The Seattle Seahawks have blown double-digit fourth-quarter leads in back-to-back weeks. The offense can’t stay on the field, the line can’t pass-protect and the defense is giving up big plays.

It’s been a total 2-4 collapse.

“Money and Ciara is the root of all evil,” Bart Scott joked on CBS Sports Radio’s The DA Show. “No, I’m not going to blame it on her. I’ll tell you what, man. I know I made a little joke, but money is the root of all evil. I think there’s some jealousy within that locker room, guys that want to get paid – obviously Kam Chancellor, but (Michael) Bennett, I’m sure, (and) some other guys are knocking on the door. Marshawn Lynch hasn’t been healthy. They can’t pass-protect. They’re rushing okay. They can’t pass-protect. The reason that their rushing numbers are up is because Russell Wilson is taking off and making plays with his feet, but you can’t keep asking him to do that for the rest of the season. Usually when he does it, it was usually at important times in the game where you’re sitting back and you have to play coverage and he would hurt you with his feet. But now he’s just having to scramble way too many times and make magic.”

Jimmy Graham leads the offense with 29 catches for 344 yards and two touchdowns, but he hasn’t been as productive as the Seahawks hoped. His blocking also leaves much to be desired. In New Orleans, that wasn’t a problem. In Seattle, with a ground-and-pound offense, it is.

“With Jimmy Graham, it’s almost like you’re in five-man protection because he can’t block,” Scott said. “If you do put him out there to block, you know Russell is going to get pressure from that side.”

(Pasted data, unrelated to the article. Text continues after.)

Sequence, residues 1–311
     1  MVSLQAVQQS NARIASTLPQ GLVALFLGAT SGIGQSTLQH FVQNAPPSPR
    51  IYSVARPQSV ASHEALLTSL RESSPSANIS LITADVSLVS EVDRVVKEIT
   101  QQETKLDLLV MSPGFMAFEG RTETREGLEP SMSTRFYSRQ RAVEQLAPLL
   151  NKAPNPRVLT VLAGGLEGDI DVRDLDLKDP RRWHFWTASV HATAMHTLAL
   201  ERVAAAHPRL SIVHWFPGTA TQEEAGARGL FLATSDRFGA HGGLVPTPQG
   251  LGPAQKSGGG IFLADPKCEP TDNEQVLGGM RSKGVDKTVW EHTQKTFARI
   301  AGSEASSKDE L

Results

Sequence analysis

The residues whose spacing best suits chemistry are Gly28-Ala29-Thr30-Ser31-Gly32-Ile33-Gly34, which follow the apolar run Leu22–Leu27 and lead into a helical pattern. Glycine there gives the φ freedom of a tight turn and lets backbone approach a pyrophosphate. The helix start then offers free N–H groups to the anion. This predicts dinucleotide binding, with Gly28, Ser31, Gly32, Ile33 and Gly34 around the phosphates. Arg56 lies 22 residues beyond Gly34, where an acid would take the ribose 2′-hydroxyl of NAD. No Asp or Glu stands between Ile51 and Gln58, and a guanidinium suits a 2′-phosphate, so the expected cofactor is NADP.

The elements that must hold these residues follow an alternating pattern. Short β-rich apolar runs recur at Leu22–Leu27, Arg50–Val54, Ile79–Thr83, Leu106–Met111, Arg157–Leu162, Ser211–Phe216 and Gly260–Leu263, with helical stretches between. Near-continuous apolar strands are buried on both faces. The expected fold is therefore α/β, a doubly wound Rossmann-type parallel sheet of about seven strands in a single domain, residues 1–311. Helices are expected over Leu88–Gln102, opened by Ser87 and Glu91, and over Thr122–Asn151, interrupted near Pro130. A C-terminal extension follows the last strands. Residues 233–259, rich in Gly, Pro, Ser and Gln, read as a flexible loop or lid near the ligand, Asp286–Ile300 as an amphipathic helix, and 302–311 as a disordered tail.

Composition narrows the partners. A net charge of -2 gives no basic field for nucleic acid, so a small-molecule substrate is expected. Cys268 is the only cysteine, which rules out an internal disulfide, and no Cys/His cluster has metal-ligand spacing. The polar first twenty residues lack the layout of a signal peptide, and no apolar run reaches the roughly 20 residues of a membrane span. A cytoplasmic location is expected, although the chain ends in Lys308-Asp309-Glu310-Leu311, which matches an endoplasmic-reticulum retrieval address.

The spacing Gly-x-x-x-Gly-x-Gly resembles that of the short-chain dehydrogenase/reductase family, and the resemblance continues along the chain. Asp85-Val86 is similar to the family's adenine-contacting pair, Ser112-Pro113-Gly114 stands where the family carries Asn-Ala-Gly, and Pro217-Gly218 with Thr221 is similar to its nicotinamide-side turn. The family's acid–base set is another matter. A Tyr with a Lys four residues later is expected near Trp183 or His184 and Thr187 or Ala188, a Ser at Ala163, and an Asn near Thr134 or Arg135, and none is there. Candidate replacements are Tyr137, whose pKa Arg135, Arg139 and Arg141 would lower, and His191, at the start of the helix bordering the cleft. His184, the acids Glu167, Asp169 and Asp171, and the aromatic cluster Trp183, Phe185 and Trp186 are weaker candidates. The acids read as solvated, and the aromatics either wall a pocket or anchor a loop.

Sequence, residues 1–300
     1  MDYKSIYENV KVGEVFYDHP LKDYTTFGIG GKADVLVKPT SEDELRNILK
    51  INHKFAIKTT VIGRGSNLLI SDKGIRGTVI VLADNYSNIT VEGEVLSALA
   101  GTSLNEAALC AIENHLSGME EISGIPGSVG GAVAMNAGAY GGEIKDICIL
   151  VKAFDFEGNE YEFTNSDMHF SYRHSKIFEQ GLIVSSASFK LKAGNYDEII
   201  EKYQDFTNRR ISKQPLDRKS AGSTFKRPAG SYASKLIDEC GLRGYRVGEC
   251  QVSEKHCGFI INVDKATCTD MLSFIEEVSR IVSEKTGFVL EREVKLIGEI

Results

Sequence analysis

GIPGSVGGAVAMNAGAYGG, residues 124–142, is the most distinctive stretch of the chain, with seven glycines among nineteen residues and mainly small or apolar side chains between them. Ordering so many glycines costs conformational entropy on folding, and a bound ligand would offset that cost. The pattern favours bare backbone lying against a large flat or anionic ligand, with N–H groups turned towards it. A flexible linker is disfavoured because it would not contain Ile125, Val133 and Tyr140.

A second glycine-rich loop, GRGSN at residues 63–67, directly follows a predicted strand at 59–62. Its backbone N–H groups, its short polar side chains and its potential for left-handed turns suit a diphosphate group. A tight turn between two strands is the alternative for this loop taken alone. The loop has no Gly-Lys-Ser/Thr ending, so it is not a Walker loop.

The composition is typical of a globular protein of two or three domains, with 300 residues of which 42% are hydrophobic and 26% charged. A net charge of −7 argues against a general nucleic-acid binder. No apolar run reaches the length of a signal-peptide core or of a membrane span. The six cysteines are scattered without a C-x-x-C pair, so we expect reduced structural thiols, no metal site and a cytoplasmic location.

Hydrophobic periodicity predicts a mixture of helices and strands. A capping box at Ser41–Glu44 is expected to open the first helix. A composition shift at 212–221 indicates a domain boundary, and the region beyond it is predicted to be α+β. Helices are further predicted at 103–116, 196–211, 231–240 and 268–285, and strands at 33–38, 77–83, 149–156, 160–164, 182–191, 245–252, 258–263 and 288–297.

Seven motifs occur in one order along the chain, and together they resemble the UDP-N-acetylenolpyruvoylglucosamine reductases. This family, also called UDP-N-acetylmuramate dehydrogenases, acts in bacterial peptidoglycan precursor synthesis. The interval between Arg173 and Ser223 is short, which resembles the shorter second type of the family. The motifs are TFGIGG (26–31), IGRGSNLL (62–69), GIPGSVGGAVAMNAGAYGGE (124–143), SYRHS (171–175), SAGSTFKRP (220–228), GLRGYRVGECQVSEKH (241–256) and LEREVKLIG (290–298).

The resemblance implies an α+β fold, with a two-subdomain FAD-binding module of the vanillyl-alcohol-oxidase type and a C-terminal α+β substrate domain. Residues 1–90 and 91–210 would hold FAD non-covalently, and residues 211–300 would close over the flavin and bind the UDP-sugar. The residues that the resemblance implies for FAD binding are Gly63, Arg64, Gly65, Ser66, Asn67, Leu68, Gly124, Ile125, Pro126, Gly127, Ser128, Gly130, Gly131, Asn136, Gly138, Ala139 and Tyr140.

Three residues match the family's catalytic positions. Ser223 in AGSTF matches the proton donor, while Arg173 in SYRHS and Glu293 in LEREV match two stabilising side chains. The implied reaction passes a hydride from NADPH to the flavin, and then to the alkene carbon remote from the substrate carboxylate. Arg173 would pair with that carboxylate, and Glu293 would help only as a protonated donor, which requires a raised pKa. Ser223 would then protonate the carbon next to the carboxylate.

Graham, to be fair, went off against Carolina on Sunday, catching eight balls for 140 yards, but the Panthers won the game.

“That’s what (the defense) decided to give up,” Scott said, “but (the Seahawks) lost the game to a team that they have far more talent than. When you put something on tape, you can’t ignore the fact that two of their previous coordinators have been gone and taken away. That’s how you defeat a team. You start hiring their coaches away. You can have the same playbook – just like the Dallas offensive line. They played well the year before, but that was with Bill Callahan. You can have the plays, but if you don’t understand the timing and when to call it, it doesn’t matter.”

The Seahawks, it is worth noting, easily could have lost to the Lions – and probably should have if not for a Calvin Johnson fumble near the goal line and a subsequent missed call by the officials. Had the Seahawks lost that game, they’d be 1-5 with the only win coming against the Jimmy Clausen-led Bears.

Scott is surprised by Seattle’s performance this season, but he isn’t stunned.

“Listen, it’s a three-year run, man,” Scott said. “At some point, we were saying that the San Francisco 49ers were the most potent, talented team with all the first-rounders coming up and maturing all at the same time. And this thing shifts from team to team for the most part. But what happens is, guys are leaving, people don’t fear what they’re doing, people have a sense of what they can and can’t do, and they adjust. We talk about people adjusting to Chip Kelly’s system. People are adjusting to that defense – Cover 3 – and figuring out how to poke holes into the system.”


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